Weatherpeople and sports pundits. Those seem to be the only professions where you can be so wrong so often and not only still keep your job, but have people rely on your expertise.
Just a quick look at the USA Today‘s Baseball 2013 magazine: five out of eight writers picked the Tampa Bay Rays to win the AL East, two picked the Toronto Blue Jays, one picked the NY Yankees. Who’s in first by a substantial margin? The Boston Red Sox.
In the NL East, five picked the Washington Nationals for the top spot. They’re struggling to remain above .500 (although now that they’re playing the Mets…). All eight picked the Cincinnati Reds for NL Central. They’re currently in third place, three games out. Granted, there’s still two weeks left to the season so they may yet win the division.
Some publications, like Athlon Sports Baseball 2013 Preview, just offer an overall prediction. Their division winners: Yankees, Tigers, Angels, Nationals, Reds, and Giants. So — as of now — wrong (Yankees), right (Tigers), very wrong (Angels), wrong (Nationals), wrong (Reds), and very wrong(Giants). They also had the Red Sox for last in the AL East).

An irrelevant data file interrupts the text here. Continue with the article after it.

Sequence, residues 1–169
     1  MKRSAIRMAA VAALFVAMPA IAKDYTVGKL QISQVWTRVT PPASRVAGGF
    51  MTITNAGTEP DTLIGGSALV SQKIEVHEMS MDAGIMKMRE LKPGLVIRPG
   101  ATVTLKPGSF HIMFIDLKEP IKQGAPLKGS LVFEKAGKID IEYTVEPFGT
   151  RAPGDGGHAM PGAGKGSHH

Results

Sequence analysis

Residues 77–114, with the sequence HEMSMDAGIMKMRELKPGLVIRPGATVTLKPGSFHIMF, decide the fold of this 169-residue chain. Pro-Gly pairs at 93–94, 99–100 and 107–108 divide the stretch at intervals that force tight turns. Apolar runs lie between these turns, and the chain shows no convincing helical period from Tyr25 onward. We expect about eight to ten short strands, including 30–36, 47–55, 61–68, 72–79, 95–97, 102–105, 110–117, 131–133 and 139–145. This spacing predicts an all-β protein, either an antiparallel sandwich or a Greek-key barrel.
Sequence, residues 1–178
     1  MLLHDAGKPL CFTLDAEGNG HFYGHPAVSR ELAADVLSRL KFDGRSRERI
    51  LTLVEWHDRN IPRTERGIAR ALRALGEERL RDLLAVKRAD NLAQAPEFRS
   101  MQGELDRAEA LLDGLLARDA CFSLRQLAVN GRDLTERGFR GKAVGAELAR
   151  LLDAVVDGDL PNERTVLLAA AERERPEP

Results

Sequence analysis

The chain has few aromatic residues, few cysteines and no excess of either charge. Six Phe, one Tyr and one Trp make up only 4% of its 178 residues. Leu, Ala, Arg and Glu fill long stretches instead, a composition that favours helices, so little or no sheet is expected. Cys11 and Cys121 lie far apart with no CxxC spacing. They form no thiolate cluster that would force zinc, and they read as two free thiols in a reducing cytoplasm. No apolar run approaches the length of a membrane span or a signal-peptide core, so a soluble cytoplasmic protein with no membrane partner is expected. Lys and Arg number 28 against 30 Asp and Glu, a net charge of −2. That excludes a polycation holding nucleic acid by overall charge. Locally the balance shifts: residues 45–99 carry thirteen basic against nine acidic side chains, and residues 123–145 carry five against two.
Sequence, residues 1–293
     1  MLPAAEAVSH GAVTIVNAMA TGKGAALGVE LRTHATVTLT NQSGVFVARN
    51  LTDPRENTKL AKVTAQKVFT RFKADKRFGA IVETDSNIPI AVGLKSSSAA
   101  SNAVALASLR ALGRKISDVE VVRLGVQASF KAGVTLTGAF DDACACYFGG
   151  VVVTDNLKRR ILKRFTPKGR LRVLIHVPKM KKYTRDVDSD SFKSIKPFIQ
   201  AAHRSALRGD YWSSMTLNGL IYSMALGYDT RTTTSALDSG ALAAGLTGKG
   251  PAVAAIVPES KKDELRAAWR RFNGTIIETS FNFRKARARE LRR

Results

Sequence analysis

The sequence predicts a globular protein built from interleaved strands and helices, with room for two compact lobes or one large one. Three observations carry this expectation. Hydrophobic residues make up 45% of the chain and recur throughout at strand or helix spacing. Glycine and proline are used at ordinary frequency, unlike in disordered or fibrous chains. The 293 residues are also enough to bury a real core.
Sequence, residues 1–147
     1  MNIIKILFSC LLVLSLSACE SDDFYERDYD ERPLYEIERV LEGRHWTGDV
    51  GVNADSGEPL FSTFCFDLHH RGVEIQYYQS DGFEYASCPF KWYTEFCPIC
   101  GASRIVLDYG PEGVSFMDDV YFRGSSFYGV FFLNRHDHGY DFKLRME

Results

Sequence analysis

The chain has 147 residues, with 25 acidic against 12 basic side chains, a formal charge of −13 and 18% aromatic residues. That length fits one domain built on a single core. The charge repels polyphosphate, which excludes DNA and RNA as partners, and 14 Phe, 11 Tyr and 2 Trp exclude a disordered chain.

Similarly, Sporting News Baseball had the same AL teams (including the Red Sox’ position), but the Nats, Cardinals, and Dodgers in the NL.
Tim Kurkjian of ESPN’s Baseball Tonight pokes fun at himself for all his wrong predictions whenever he appears in an interview. He’s good sport about it as you can tell here, here, and here. He was kind enough to put up with me for an interview when his book, Is This a Great Game or What?, came out in 2008.
Picking individual achievements, like MVP, Cy Young, Rookie of the Year awards, etc., are even more problematic. Four writers picked Jurickson Profar of the Texas Rangers for AL ROY, but he’s not had that much of an impact. And Yasiel Puig wasn’t on anyone’s radar.
Problem is, these predictions are based — contrary to all those investment commercials — on past performances, for the most part. The new generation of statistics makes it both easier and more difficult, it seems to me. But all it takes is an injury (two USA Today writers picked Albert Pujols — out for the season since the end of July — for AL MVP) or two to wreck a season. The games are not played on paper.